Recent research by Chris Murphy of Econtech shows that the 2001-02 Migration Program, including the Skill Stream contingency reserve, would enhance living standards by some $323 per head or $6.7 billion in total by 2007-08 compared with the 1995-96 Migration Program that was dominated by the Family Stream.

"Economic modelling done for my Department by Access Economics also suggests that there will be a net benefit to the Commonwealth budget of around $3.7 billion over the next four years if the Program is maintained at the 2001-02 level and structure," Mr Ruddock said.

Given the increasing international competition for the limited pool of skilled migrants, Australia must ensure that it obtains a good share of the pool if it is to continue to transform into a new age economy.

The increased Program is likely to have only a minor impact on population projections as there were other factors to offset the increase such as the recent changes to access to Social Security by New Zealanders.

Migration (Non-Humanitarian) Program 2000-01 to 2001-02

Category 2000-01

Projected Outcomes

2001-02 Planning Level

FAMILY STREAM

Spouse

Fiance

Child

Parent

Designated Parent

Preferential

Interdependency

 

24 8001

3 6501

2 260

500

700

1 390

3001

 

27 8001

4 6001

2 150

5004

 

2 350

5001

Total Family 33 600 37 900

SKILL STREAM

SAL(old)

SAS(new)

Independent(old)

Skilled Independent(new)

ENS/LA/RSMS/STNI

Business Skills

Distinguished Talent

1 November

 

5 5102

2 1702

9 8502

12 2702

6 3003

6 700

170

30

 

2 000

4 350

3 750

21 300

6 000

7 900

170

30

Total Skill 43 0002 3 45 5005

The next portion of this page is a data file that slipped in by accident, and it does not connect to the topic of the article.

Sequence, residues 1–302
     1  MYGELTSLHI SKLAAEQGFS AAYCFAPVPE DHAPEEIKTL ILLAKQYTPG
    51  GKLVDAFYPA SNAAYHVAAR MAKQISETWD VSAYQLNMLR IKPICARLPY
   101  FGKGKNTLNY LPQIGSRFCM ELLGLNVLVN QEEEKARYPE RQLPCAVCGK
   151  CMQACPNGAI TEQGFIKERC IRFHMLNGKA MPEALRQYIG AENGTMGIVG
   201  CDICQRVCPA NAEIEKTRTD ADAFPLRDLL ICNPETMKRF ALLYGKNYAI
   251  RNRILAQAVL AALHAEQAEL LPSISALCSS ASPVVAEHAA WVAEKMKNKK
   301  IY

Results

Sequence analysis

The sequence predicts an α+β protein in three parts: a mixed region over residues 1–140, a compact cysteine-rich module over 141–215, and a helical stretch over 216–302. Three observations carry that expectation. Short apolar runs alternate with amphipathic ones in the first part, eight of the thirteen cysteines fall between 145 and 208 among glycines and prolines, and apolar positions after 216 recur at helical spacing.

Skill as % of Program 54% 54%

SPECIAL ELIGIBILITY STREAM

Resolution of Status

Other

 

2 000

400

 

1 200

400

Total Special Eligibility 2 400 1 600

TOTAL PROGRAM 79 0002 3 85 0005

NOTE: Program numbers do not include New Zealand citizens 1 net outcome as places in the Migration Program taken by provisional visa holders such as spouses, fiances and interdependents who do not subsequently obtain permanent visas are returned to the Program in the year that the temporary visas expire 2 includes additional places from the Skill Stream contingency reserve for ICT professionals with Australian qualifications 3 includes an estimated 500 from the Skill Stream contingency reserve due to increased demand generated by business, State/Territory Governments and regional certifying bodies 4 does not include a contingency reserve of an additional 1,000 places in 2001-02 and an additional 4,000 places per year thereafter available subject to support from the community and the opposition 5 does not include a contingency reserve of an additional 8,000 places available for use: (i) subject to business, State/Territory Governments and/or regional certifying bodies being able to generate additional demand through migration mechanisms specifically designed for their use; and (ii) to accommodate overseas students who successfully obtain an Australian qualification in an occupation in national shortage (that is occupations on the Migration Occupations in Demand List (MODL))

27 April 2001 Media Contact: Steve Ingram (02) 6277 7860